Shame really. Our standards are higher now, I thought we could keep that point. However, we never tightened up enough at the back and our opponents were too good not to take advantage.

Good signs – Vertonghen is a man transformed, back to the form we saw early on his time with us. Dier, a young man who should have got more plaudits after the derby win, is fearless in the tackle and takes responsibility, an attitude that could lead to a long and successful career with us. Not so good – Lamela mixes pure class – three passes plus a shot that was well saved – with sheer mindlessness. He puts in the legwork but with no positional discipline, and he cannot resist running inside straight at defenders.

Kane Makes Time Stand Still

Thump thump. The cross, as sudden as it is unexpected, flies into the box.

Thump thump. The header. Kane, twisting backwards, it loops. We are right in line.

Thump thump. Towards the goal that despite Spurs’ frenzied pounding, their midfield dominance, their unceasing creativity, has been breached just once. Time is trickling by. For the first time in the match the level of intensity has dropped, a fraction maybe, to a level that a few weeks ago we could only have dreamed of but today represents a falling away such has been the ferocity of our performance.

Thump thump. This soft header has no place here, amid the fervour and ferment of this dear old ground which has seen it all but seldom seen something like this, the bedlam in the stands, the shaking, the rocking that has energised navy blue and white for one last effort.

Thump thump beats my heart against my chest. This is the game, my club, my team. The Arsenal, the derby and we have taken them on. Umpteen years they’ve finished ahead of us but today, no more. Today, two young men from close to home led the way. Two others came from equatorial heat and Scandinavian chill, a manager from far away, they pulled on a white shirt, looked at the red and fought like the cockerels on their hearts and said: enough.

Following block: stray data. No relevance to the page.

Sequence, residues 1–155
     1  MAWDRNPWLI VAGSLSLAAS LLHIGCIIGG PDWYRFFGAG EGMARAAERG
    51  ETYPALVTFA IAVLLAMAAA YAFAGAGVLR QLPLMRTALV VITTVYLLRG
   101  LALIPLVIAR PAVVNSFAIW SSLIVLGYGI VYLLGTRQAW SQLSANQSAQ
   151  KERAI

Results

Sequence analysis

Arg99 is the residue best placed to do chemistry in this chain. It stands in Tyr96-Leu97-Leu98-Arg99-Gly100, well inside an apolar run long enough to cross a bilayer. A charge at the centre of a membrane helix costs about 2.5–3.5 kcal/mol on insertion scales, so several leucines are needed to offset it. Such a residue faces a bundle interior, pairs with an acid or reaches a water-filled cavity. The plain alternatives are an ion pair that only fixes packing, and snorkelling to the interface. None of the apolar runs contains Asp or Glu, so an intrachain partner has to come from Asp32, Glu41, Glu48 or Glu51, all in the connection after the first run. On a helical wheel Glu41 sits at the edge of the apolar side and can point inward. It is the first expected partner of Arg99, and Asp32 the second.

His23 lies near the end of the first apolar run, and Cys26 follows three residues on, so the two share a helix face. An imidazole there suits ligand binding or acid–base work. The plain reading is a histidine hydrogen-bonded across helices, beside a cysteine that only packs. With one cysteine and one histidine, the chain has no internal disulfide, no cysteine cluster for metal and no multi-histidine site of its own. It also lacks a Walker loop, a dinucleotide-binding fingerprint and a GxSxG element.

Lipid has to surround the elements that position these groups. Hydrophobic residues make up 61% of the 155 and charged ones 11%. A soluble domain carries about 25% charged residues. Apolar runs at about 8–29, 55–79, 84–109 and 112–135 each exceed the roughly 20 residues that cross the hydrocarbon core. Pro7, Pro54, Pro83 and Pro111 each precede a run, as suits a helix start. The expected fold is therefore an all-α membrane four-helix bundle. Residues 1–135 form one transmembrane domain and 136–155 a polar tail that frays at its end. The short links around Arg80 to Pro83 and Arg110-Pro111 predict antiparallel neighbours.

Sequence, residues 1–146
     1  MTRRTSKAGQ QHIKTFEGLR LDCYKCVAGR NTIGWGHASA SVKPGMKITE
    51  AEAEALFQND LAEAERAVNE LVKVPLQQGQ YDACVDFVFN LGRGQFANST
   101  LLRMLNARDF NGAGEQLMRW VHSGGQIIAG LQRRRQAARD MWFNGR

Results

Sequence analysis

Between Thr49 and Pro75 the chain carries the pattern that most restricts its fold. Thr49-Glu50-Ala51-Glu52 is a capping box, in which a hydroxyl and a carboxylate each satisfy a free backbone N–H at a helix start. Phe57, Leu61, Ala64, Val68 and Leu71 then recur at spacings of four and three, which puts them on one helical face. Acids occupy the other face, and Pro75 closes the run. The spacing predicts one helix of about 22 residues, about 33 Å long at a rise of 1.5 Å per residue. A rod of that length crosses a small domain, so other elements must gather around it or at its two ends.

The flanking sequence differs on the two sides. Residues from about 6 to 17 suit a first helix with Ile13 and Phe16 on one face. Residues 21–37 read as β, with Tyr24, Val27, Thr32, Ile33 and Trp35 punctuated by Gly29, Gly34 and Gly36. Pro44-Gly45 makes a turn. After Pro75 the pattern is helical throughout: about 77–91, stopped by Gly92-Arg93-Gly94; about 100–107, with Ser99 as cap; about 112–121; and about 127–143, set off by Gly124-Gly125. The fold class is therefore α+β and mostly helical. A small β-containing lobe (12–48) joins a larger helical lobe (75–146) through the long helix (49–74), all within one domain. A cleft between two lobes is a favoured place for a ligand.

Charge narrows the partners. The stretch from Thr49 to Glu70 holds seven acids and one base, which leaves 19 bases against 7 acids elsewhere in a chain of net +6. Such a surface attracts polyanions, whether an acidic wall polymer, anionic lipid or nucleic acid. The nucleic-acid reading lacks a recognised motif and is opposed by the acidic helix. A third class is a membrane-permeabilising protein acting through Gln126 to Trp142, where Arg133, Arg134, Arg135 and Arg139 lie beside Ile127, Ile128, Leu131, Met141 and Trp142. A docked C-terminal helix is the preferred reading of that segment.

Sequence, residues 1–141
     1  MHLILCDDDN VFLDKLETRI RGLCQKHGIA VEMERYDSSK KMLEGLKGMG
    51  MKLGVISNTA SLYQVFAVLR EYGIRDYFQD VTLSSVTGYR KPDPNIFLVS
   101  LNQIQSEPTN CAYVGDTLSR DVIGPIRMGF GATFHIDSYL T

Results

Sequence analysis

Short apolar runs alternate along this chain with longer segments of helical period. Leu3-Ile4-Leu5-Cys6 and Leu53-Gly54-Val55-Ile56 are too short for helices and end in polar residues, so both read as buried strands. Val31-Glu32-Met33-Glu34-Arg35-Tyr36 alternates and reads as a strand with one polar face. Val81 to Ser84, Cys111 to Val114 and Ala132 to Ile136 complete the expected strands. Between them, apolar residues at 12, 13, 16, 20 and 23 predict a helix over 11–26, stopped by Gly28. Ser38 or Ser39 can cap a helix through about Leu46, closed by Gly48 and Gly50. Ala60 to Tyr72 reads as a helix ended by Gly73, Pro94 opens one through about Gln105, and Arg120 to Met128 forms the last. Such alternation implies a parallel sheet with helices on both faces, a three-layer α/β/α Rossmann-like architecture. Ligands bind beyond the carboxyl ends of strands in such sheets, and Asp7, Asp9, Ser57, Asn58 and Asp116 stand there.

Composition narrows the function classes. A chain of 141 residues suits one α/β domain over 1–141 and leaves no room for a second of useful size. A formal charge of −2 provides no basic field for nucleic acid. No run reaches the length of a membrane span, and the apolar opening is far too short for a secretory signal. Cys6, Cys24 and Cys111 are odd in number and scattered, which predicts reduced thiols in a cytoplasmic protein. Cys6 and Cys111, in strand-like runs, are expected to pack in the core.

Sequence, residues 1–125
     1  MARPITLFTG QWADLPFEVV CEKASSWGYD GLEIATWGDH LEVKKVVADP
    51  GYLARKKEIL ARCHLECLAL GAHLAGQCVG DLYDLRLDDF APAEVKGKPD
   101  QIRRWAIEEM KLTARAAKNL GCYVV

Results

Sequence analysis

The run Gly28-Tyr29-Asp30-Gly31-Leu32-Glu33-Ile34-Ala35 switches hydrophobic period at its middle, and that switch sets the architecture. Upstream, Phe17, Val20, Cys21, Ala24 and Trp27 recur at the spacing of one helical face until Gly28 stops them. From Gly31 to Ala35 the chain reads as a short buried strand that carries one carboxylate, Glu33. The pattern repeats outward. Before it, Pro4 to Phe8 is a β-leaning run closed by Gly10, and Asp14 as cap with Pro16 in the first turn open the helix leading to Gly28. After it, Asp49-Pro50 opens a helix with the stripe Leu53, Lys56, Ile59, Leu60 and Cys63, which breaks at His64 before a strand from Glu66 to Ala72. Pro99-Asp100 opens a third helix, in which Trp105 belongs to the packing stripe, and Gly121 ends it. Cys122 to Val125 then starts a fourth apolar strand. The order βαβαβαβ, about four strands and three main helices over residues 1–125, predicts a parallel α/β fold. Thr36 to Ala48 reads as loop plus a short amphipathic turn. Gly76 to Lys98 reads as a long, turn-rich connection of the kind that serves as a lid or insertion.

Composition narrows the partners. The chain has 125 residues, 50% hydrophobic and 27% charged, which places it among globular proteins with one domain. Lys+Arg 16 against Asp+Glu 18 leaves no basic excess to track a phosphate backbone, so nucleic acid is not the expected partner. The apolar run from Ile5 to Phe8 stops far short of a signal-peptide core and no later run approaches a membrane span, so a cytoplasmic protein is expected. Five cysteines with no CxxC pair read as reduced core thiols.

Then nothing. At the top of the arc, the ball is still and so are we. Not even the ringing in our ears from the noise, the perpetual accompaniment to this most thrilling of occasions. Everything stops, there is only the ball, shining in the cold north London air. We watch, spellbound.

It floats, gravity defied, no longer subject to the laws of the universe but in its own time and space. For the last 85 minutes, our world has been within these four high grandstands, shutting out the rest, there has been only this. Nothing else matters, only white shirts and navy blue shorts.

Hanging in the air. The cross came as a surprise because Tottenham had been reluctant to cross the ball even when well-placed to do so. After all, there had always been other options. Tirelessly Rose and Walker dashed eagerly into the gaps out wide, to exploit any space and take the game to the Arsenal. Inside, Eriksen bobs like a hungry sparrow, head down to the ball up to find the runner, move because being still means danger, down again ball to feet move it on to me down and move it head up and who’s in the space. Alongside him, Dembele, a hunched giant take it off me go on take it I dare you knock me down and I get up go on take it I dare you.

Nabil Bentaleb struck the cross. Before kick-off he looked at his team mate Ryan Mason and said, you know what, we’re going to show that lot a thing or two. A couple of World Cup winners, a team of internationals, we’re going to show them how to play. Never gave them an inch.